Tag Archives: social tools

#media140 – Impure visual data tool to tell the story

There has been a range of session formats at #media140, from in-depth keynote speeches and discussion roundtables, to more jam-packed workshops showcasing some of the latest tools in social technology.

Today I attended one of the latter, a session on visualising data by Spanish design house Bestiario.

While it was, in a way, a whirlwind tour of the company’s information processing platform Impure, delegates managed to get a great overview of what it can produce (on my part only with thanks to my translator!)

The focus of the session was not about the written story, but simply visualisation, telling the story with infographics using, in essence, a drag and drop technique.

Just today the Guardian published a visualisation by Bestiario looking at who the UK gives aid to and how it has changed.

For a more detailed explanation of how to use the tool you can visit the site itself, but in simple terms the platform enables journalists to create data visualisation projects.

Users can import data files (csv), convert into a table, pull out specific fields, create different data structures and also select from a range of visualisation formats, based on the data you’re working with.

The final visualisations are publicly published on Impure, and users can also embed the infographics on their own site.

At the moment the application is free to use, and the company says there will always be “an open version”, in order to build and maintain a community.

Nieman Journalism Lab: NYTimes appoints Jennifer Preston as social media editor

An internal memo from the New York Times, obtained by Nieman Journalism Lab, confirms the appointment of Jennifer Preston as the title’s first social media editor.

“Jennifer will work closely with editors, reporters, bloggers and others to use social tools to find sources, track trends, and break news as well as to gather it. She will help us get comfortable with the techniques, share best practices and guide us on how to more effectively engage a larger share of the audience on sites like Twitter, Facebook, Youtube, Flickr, Digg, and beyond,” says the memo to employees.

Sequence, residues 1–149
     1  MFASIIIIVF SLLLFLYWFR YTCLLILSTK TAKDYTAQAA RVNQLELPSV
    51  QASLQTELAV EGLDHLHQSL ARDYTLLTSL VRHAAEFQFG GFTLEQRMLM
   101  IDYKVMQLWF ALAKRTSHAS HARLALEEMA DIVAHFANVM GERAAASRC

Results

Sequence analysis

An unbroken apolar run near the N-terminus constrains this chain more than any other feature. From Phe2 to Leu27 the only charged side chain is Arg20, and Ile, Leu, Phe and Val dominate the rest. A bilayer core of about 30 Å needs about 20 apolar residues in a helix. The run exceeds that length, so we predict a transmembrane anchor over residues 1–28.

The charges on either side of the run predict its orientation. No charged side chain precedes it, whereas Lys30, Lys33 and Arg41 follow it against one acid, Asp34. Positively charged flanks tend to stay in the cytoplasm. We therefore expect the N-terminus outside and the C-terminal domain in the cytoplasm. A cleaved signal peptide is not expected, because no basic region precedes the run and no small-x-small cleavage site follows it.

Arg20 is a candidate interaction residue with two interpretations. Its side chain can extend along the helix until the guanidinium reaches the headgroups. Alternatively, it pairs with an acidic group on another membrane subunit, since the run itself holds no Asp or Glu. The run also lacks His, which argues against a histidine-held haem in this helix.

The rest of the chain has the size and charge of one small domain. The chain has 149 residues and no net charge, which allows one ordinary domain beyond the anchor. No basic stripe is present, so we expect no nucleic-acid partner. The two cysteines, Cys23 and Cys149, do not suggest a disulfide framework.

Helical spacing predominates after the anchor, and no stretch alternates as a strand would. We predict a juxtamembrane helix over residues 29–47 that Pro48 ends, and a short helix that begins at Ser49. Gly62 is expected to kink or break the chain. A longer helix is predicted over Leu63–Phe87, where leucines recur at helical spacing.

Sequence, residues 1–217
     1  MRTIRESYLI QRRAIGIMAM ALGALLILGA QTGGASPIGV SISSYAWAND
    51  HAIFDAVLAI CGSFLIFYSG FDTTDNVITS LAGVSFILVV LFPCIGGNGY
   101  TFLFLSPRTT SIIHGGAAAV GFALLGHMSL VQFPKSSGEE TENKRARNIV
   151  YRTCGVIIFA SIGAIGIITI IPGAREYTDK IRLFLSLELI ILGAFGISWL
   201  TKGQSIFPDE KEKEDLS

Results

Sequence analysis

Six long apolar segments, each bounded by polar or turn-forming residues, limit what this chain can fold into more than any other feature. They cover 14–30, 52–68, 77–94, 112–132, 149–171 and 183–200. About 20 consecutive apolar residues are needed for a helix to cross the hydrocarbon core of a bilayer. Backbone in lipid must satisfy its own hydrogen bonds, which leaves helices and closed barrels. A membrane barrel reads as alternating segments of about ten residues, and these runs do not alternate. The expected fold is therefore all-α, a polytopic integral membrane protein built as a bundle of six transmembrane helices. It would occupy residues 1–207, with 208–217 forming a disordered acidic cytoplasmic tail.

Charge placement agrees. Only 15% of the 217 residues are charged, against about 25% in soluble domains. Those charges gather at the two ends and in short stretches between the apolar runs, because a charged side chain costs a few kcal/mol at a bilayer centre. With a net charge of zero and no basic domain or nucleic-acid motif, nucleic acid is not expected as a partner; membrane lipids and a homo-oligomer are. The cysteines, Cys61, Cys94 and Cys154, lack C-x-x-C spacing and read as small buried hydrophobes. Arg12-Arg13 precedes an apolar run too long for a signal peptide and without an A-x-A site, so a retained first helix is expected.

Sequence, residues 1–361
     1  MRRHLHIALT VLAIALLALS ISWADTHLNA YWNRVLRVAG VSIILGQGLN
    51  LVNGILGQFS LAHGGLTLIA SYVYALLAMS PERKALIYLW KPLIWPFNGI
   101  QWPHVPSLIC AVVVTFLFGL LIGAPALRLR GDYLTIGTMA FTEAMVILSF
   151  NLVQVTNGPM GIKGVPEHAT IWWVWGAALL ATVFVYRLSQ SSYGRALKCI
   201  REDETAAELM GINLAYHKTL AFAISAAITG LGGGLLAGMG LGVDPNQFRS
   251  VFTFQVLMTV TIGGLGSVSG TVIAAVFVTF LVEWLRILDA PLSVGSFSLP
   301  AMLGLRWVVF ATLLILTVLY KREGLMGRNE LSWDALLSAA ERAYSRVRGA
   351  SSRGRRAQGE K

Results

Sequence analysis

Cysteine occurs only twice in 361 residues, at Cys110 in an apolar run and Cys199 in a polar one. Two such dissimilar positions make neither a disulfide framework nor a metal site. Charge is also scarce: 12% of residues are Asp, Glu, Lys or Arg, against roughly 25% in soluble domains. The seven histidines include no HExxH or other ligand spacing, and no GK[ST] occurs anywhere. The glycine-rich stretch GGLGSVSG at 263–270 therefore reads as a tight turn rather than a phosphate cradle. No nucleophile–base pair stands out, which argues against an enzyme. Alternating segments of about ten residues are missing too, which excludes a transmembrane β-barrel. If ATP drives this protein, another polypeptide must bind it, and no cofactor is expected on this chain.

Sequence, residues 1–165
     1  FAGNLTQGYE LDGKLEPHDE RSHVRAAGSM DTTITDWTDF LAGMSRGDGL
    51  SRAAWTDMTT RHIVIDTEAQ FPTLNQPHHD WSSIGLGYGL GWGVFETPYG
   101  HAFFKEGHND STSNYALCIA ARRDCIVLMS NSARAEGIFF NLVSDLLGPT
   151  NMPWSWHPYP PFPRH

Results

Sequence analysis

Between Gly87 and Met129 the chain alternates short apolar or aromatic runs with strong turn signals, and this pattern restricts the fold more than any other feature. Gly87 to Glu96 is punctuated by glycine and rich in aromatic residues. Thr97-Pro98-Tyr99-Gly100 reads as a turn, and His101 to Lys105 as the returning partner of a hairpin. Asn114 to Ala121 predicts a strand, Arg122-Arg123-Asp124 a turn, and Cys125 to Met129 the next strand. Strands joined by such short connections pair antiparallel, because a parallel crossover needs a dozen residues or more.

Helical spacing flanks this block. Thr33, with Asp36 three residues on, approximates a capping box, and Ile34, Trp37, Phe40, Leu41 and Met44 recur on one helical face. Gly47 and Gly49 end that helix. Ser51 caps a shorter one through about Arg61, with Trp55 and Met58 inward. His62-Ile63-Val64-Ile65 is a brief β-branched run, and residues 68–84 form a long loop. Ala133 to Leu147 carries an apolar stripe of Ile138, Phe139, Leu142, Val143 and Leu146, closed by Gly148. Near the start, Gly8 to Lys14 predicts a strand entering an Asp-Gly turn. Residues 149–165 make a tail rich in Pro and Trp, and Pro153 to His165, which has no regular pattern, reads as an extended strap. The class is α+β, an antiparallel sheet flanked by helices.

While Preston will work on developing best practice procedures for social media use at the Times, the memo is clear that this is a progressive issue: “[W]e all need to figure this out together,” it states.

Full memo at this link…

Social Media Journalist: “BBC journalists are increasingly using Del.icio.us to collaborate and turn research into content” Robin Hamman, BBC Senior Broadcast Journalist

Journalism.co.uk talks to journalists across the globe about social media and how they see it changing their industry. This week, Robin Hamman of the BBC.

Image of Robin Hamman, senior broadcast journalist BBC

1) Who are you and what do you do?
Robin Hamman, I’m a Senior Broadcast Journalist at the BBC where I spend much of my time showing people how to use social media and blogging as part of their ordinary programme and content making processes.

2) Which web or mobile-based social media tools do you use on a daily basis and why?
Most of them! My day starts with a visit to my web-based RSS reader that pulls in all the new content from around 90 blogs and other sources I subscribe to.

Some of those feeds are also things like Technorati, Icerocket and Google blog searches on various keywords. This means I very rarely have to proactively seek out content on the web anymore.

As I read through my RSS feeds I use Del.icio.us to bookmark and share the interesting content I find. This, in turn, publishes into my blog automatically at lunchtime – again, creating content out of something I’d do anyway.

If I’m out and about I’ll use Zonetag on my mobile to tag, location stamp and upload photos to Flickr. I also use Twitter to stay in touch with my friends and contacts, something via mobile, other times online.

If I’m planning to go out of town for work or a conference I put the details into Dopplr so I can see if any of my contacts are also going to be in town. I’m also a big user of Facebook – it, along with Twitter, has pretty much taken the place of email for me recently. I’m also experimenting with a few other social media tools such as qik, which broadcasts live video from my phone to the web, and some RSS aggregation tools like Yahoo Pipes.

3) Of the thousands of social media tools available could you single one out as having the most potential for news either as a publishing or news-gathering tool?
If the question had been simply about online tools, then RSS would be my choice, but as you’ve asked about social tools, Del.icio.us is the one I’d highlight as having a lot of potential.

Get over to the CommonCraft video about it and you’ll soon understand. BBC Journalists and production teams are increasingly discovering and using this great tool to collaborate more easily whilst researching and to turn their research process into content.

4) And the most overrated in your opinion?
Anything to do with video online – I just don’t get it. The only reason I shoot and post video online, aside from when I’m demonstrating how to do it, is to save my hands from having to transcribe a conference presentation that I’m live blogging.